Continue reading “Show 250: Actress/Comedienne Julia Sweeney!”
Religion is Not about God!: A Conversation with Dr. Loyal Rue
Thousands of religious traditions have appeared over the course of human history but only a relative few have survived. Volumes have been written attempting to prove the existence or non-existence of supernatural being(s) including the recent best sellers by the so-called ‘new atheists”; Richard Dawkins, Sam Harris and Christopher Hitchens. But like biologist David Sloan Wilson and anthropologist Scott Atran both argue, there is far more nuance and complexity regarding the story of humanity and its myths than these best-selling authors want to admit.
If Dawkins, Harris and Hitchens are considered by some humanists to be the amateur polemicists of atheism, then Wilson, Atran and Rue are the scholars secular humanists need to turn to if we want to begin to learn what we ought to do concerning the future of religion.
So, if religion is not about God, then what on earth is it about? Co-host Paul Eckstein explored with Dr. Rue this question and more!
In God and The State, anarchist Mikkail Bakunin asserts that people under the power of religion and superstition suffer not so much from “an aberration of mind as a deep discontent at Heart.”
Does popular humanist outreach focus too much on intellectual Puritanism at the expense of emotional transcendence? How can humanism help people address the emotional and psychological stress of living in a society fraught with war, aggressive advertising, and cultural flux? Is there room for ecstasy in humanism?
This week, guest host Michael O’Neil will explore these questions and more!
Call In Show – “Dealing with Grief without God” w/ Arnell Dowret
Atheism has taken a turn toward the right, some have said, as writers like Sam Harris, Richard Dawkins and others have penned best-selling books on religion and faith which tend to see religion as the major problem in today’s society while leaving out politics and the economy. And while the Left ought to recognize the inherent dangers in religious fundamentalism, they also should understand the many complex reasons religion exists in the first place, and how fundamentalisms arise.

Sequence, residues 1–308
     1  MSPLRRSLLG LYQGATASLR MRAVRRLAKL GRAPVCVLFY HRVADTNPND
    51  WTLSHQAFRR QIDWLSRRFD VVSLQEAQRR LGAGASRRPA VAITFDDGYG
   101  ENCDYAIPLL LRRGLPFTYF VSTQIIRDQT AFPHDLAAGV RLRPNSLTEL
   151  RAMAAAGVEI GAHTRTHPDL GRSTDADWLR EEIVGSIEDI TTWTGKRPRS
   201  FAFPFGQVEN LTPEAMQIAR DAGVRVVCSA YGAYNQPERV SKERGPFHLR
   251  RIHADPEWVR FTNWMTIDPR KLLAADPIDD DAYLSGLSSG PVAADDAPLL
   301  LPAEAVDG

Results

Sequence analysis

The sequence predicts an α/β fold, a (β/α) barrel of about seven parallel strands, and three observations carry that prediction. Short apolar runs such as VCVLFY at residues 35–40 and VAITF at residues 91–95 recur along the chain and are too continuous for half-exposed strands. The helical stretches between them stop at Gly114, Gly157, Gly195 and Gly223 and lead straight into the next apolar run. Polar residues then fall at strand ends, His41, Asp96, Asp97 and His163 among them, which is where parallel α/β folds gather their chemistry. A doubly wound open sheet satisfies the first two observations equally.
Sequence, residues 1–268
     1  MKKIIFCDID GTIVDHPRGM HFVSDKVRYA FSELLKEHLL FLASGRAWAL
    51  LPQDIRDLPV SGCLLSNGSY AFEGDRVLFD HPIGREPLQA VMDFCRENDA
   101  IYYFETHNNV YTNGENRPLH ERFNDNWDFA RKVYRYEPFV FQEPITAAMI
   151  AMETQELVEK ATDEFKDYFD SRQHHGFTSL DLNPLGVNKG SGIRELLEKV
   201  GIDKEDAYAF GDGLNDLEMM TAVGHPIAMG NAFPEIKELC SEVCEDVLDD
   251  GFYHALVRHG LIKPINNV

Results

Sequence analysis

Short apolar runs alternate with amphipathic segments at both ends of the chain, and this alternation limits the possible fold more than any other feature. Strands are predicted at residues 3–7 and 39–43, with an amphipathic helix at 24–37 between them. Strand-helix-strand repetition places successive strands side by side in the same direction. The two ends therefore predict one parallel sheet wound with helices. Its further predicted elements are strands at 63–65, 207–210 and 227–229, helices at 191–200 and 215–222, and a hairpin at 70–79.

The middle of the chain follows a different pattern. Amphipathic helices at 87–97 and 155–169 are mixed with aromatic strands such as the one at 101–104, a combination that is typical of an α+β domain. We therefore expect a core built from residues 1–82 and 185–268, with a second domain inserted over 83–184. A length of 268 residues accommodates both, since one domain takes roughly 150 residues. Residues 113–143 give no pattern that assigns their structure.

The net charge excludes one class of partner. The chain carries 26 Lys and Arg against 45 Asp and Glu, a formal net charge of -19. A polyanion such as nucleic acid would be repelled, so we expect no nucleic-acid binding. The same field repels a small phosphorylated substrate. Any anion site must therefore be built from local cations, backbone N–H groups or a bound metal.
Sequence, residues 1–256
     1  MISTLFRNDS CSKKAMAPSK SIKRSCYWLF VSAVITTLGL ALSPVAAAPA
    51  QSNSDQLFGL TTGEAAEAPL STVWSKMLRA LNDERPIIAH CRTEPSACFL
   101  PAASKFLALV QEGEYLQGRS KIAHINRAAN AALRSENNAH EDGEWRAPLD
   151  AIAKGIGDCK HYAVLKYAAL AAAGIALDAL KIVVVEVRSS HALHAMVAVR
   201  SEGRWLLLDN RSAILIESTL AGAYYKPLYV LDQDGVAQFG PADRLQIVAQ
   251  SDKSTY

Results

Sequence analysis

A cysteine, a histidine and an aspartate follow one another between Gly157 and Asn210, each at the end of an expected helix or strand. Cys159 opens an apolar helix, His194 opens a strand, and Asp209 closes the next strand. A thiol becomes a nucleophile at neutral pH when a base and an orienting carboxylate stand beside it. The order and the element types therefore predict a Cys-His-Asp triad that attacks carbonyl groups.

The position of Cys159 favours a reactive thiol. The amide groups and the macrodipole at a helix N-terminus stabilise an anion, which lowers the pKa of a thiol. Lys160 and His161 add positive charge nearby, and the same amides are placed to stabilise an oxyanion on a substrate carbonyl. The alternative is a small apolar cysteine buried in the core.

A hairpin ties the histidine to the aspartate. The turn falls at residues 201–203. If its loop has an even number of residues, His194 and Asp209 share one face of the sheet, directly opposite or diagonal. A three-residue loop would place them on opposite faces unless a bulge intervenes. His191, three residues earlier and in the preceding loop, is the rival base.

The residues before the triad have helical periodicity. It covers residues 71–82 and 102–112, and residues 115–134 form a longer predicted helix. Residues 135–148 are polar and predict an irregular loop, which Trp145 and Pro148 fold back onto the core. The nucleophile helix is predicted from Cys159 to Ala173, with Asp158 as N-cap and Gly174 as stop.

While on this program we have featured what some critics have dubbed the evangelical atheists in the past, we have also had folks like DS Wilson, Scott Atran, Robert Dreyfuss and Robert Pape on to take us deeper into the many facets of religion, its causes, and how we could begin to reign in the more dangerous verities.
Still, it is always useful to listen to anthropologists like Hector Avalos who cut to the roots of certain sorts of religious violence, and today’s guest, physicist Victor Stenger who takes a purely scientific view on the supernatural. Can science prove God does not, can not, exist? Many scientists, atheistic scientists in fact, disagree on the answer to this question.
Continue reading “Show 198: Victor Stenger”
Sense and goodness without God: A Defense of Metaphysical Naturalism w/ Richard Carrier
“If God does not exist, then what does? Is there good and evil, and should we care? How do we know what’s true anyway? And can we make any sense of this universe, or our own lives?
“Sense and Goodness without God: A Defense of Metaphysical Naturalism answers all these questions in lavish detail, without complex jargon. A complete worldview is presented and defended, covering every subject from knowledge to art, from metaphysics to morality, from theology to politics.
Continue reading “Show 155: Richard Carrier”